There were things in Man and His Symbols which I understood the concept of, but not all the nuance of. Jung’s explanation of the collective unconsciousness, for instance, didn’t really click for me: I understood what its role was, but not what its essence was.

Modern Man in Search of a Soul is a different sort; it is a very detailed study of one particular topic, and while it too draws from mythology, anecdotes, and psychoanalysis in practice it is much more deep: if it were the first work of Jungian analytical psychology that I had read I would be greatly distressed by trying to understand it, but as a follow-up to Man and His Symbols it is quite interesting.

So, in short, my review of Man and His Symbols is best summed up in the following: If you want to know more about Jung and you are willing to spring further into reading, Man and His Symbols is invaluable. If you want a survey of Jung followed by interpretations by his followers, Man and His Symbols is incredible. If you are already familiar with Jung and understand his work, but you want to dive into the deepest depths of Jung’s works, Man and His Symbols contains interesting overviews. It is not that it is shallow, but it is merely scratching the surface of the depth and complexity of Jung’s total work.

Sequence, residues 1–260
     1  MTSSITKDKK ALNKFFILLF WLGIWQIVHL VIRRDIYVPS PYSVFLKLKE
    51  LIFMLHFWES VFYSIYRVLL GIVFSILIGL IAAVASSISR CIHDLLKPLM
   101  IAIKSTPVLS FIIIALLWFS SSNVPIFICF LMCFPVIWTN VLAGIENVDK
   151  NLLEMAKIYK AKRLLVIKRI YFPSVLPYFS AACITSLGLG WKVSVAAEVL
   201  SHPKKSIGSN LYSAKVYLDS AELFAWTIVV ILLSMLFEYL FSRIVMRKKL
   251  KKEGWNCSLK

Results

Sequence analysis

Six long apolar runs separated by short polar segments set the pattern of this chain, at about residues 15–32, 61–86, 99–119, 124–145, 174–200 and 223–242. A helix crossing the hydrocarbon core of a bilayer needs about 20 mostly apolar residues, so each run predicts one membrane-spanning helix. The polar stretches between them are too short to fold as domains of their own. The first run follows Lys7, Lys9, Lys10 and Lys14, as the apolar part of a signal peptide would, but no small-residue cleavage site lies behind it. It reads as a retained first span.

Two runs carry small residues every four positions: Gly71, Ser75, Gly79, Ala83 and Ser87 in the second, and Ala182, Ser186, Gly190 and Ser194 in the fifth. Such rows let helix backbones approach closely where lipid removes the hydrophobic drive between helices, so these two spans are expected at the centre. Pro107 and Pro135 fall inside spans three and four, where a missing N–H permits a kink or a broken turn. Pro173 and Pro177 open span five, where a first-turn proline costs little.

Reflection

Man and His Symbols is an interesting book, to say the least. As far as reading books for the purpose of self improvement, it’s definitely in the top five or so books that I’ve read, and I know for a fact that Jung influenced Jordan Peterson, whose 12 Rules for Life I not only enjoyed but also benefited personally from; Jung’s work is also referenced in Peterson’s Maps of Meaning, which I have been reading on-and-off for a longer amount of time than I care to admit to (admittedly, it is a rather voluminous tome).

While finishing up reading Man and His Symbols I also listened to Johnathan Haidt’s The Righteous Mind, though I did not write reflections on it and I don’t currently plan to. However, there is an interesting intersection here.

One of Jung’s teachings is the collective subconscious, and while Haidt’s work seems at first to dissuade from such an assertion (after all, he finds that moral judgments are generally culturally instilled), he has also found moral foundations that seem to underlie these moral decisions.

In essence, what people value, and how they perceive the outcomes of actions, influence their tastes. The moral foundations seem to be themselves tied to some sort of universal human mode (assuming, of course, that they are not hogwash) of thought. This seems to line up well with the notion of Jung’s collective subconscious, and help to explain theories of the mind and how it interacts with archetypes.

In the interest of full disclosure, I have put off writing this reflection for almost a week, and in that time I have also listened to a good portion of Modern Man in Search of a Soul, which means that my reflections are therefore colored by both Haidt’s work and further readings of Jung.